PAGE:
“Perhapanauts: Danger Down Under” #1 by Todd Dezago and Craig Rousseau opens with a rant about comics and the impenetrability of their plots and undecipherable characters. Of course that rant comes from Choopie — the resident Chupacabra of “Perhapanauts” — a character that frequently breaks down the fourth wall to engage the reader and provide some comedic relief. Choopie and ghost-gal, Molly, take the first two pages of this issue to set the record straight and pre-empt any similar rants from new (or in my case, lapsed) “Perhapanauts” readers.
Unfortunately, that only leaves fifteen pages for the main narrative of this issue, which is just enough to get up to speed and put the car into drive, only to find a red light twenty feet away. In that span, however, Dezago and Rousseau introduce the reader to an entire world, give the cast some definition, introduce new characters for more seasoned readers and establish the general thrust of this adventure. A security breach leads the Perhapanauts to Australia, where they team up with some local agents to attempt to find those agents’ missing comrades.
That gives Rousseau plenty of time and space to draw up some great interactions, expressions and even some adorable gremlins that pop in to lend a hand in re-establishing the security at BEDLAM headquarters. Rousseau’s work is given pop and sizzle from Mike Thomas’ colors. Thomas’ palette is filled with strong blues, purples and reds, some of which combine in background-defining gradients. The boldness of the color work compliments Rousseau’s cartoony exaggeration nicely and energize this issue.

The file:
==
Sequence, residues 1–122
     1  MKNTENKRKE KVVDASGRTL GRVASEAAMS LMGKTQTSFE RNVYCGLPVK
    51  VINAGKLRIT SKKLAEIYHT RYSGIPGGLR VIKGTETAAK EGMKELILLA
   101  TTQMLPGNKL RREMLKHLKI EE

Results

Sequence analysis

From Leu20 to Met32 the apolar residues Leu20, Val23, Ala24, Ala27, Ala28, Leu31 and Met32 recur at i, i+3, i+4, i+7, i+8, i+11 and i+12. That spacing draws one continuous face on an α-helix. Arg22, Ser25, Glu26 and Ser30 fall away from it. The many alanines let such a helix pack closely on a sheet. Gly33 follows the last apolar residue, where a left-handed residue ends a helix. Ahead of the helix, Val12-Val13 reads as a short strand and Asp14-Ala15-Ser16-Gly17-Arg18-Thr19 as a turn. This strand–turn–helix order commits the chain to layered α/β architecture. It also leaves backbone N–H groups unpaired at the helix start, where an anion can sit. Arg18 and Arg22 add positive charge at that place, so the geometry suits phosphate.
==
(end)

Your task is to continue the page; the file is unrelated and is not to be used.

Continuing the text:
The backup story features a funny escapade to the gremlin world with art from Lauren Monardo Gramprey and colors by Nate Lovett. That story channels the energy of independent comics with a fun, bouncy contradiction to the mournful expectations one would expect in a tale focused on funeral proceedings. It weighs in at eight pages in length, but certainly brings more fun than just eight pages worth.
The challenge for the Perhapanauts series is that although it has promise and potential, it just doesn’t hit frequently enough to sustain my interest. I’m hoping “Perhapanauts: Danger Down Under” defies that model and manages to provide an adventure that fulfills the potential and brings the fun. This issue is certainly a good start in the right direction.